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Eco-Friendly Gifts Blog: How Much Plastic Is In The Ocean?
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Eco-Friendly Gifts Blog: How Much Plastic Is In The Ocean?

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Marine plastic pollution has now become one of the biggest problems we have to deal with as a society.

Through mass improper disposal of non biodegradable plastic, our oceans are now filled with plastic debris, as well as microplastics which can enter marine food chains.

In this blog, we're going to look at exactly how much plastic is in the ocean, the current rate of plastic entering the ocean as well as the science behind plastic pollution.

How Much Plastic Is In The Ocean?

It is estimated that 150 million metric tonnes of plastic waste are now in our total marine environments, with the current rate of plastic entering our oceans being 8 million tonnes every year

Conventional Plastic

The reason plastic pollution is such a crisis is that conventional plastics do not have the ability to biodegrade, resulting in the formation of microplastics as opposed to natural components.

Conventional plastic has two main characteristics that cause problems on an international scale: conventional plastic is produced from fossil fuels, as well as the just mentioned fact that they cannot biodegrade.

There are seven main types of conventional plastic in mass production, and all of them have a number assigned to them from 1-7.

Each number dictates the ease of which each plastic is recycled. PET is number one, meaning it is the easiest of all conventional plastics to recycle. 

Plastic, as we know it, was invented in 1907 with the invention of bakelite

Plastics are materials made up from polymers, which are long chains of repeating sequences known as monomers. 

Names for the individual kinds of plastic take the name of the monomer, and in crude terms, add the prefix 'poly' to represent the polymer aspect.

For example, polyethylene is a plastic made up of the monomer 'ethylene', which link together through the process of polymerization to form the polymer 'polyethylene'. 

Plastic additives are also added to these polymers to give certain wanted characteristics, including antioxidants to stop the plastic from reacting with oxygen, which can increase shelf life of food contained in plastic containers. 

Plastic can enter our oceans in a few different ways, with over half of all plastic waste entering the aquatic environment coming from just four countries in Southeast Asia.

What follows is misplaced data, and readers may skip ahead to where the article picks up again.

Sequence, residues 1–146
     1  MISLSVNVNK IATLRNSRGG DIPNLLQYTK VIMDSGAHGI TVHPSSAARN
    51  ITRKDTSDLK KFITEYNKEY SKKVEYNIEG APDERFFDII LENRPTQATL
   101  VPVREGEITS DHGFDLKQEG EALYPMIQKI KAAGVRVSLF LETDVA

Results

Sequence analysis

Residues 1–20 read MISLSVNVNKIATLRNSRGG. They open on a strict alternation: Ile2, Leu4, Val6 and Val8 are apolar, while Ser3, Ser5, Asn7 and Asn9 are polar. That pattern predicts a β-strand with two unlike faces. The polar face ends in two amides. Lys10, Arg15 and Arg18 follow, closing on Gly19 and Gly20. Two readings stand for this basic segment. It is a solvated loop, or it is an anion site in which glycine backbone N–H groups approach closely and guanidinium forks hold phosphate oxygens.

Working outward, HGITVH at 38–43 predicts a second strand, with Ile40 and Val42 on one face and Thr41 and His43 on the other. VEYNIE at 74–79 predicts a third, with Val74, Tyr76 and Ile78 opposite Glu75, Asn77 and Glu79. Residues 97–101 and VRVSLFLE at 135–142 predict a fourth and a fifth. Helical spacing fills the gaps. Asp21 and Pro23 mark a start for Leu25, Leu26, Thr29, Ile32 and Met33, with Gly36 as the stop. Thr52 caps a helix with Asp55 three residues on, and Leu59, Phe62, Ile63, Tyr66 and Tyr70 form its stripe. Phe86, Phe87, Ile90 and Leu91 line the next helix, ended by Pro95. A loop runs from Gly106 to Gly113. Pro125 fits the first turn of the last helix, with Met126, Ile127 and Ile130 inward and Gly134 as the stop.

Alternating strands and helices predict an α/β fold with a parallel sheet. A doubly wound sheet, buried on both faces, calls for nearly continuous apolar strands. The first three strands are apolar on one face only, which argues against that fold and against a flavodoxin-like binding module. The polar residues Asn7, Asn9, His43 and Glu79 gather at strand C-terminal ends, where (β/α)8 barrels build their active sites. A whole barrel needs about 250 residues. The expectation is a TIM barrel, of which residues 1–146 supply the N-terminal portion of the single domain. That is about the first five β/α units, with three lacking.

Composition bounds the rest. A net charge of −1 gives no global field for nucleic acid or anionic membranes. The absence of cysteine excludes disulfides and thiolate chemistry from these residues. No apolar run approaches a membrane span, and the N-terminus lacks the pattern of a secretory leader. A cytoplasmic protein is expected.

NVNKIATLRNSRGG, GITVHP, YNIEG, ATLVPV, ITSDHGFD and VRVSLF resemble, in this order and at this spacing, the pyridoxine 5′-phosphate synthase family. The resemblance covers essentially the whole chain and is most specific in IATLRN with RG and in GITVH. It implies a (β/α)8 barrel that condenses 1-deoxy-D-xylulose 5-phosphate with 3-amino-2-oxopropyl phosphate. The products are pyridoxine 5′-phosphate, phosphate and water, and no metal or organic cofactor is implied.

Plastic enters the ocean from a few different locations including illegal dumps, which don't deal with plastic waste properly and efficiently. 

But just because of many tonnes of plastic waste entering from developing countries in Asia, does not mean they are responsible for the plastic waste.

Much of the plastic waste entering our oceans actually comes from developed countries such as the UK.

It is cheaper and more efficient for developed countries to export plastic waste, as well as keeping their recycle rates up to the standards demanded by governing bodies. 

In 2018, the UK exported 611,000 tonnes of plastic waste to different countries to deal with. The problem with exporting waste in the current system, is that no concern is given to where the plastic waste actually ends up.

It is common for plastic waste being exported to the other side of the world for recycling purposes to end up in illegal landfills, as well as illegal incineration plants. 

The current system in the UK rewards exporters, and does not encourage domestic recycling. Domestic recycling in the UK gets less financial support from the government for attempting to recycle waste at home, compared to exporters.

Package recovery notes, or PRNs, are how the UK recycling system works with regards to payments.

A recycling plant who are recycling plastic domestically get the value of the output of recycled plastic, as opposed to the value of the total input.

Let's imagine that a UK recycler, who attempts to recycle the plastic domestically, gets given 1 tonne of plastic waste to recycle. 

Through the recycling process, a certain amount of plastic will be successfully recycled, whilst the remaining plastic will sent to landfill or incinerated.

If the recycling success rate is 50%, meaning the recycling plant manages to successfully recycled half of the one tonne, they will only get paid for the half tonne of outputted recycled plastic waste.

In contrast, recycling exporters get paid for the input, as it is assumed that 100% of the plastic waste leaving the country will be recycled.

This clearly a daft notion, as what chance do countries, with less developed waste infrasturcure than the UK's, have of getting a 100% recycling rate, when only 9% of all plastic waste has ever been recycled.

It's obvious that the UK is following an out of sight, out of mind policy when it comes to dealing with plastic waste.

Marine Plastic Pollution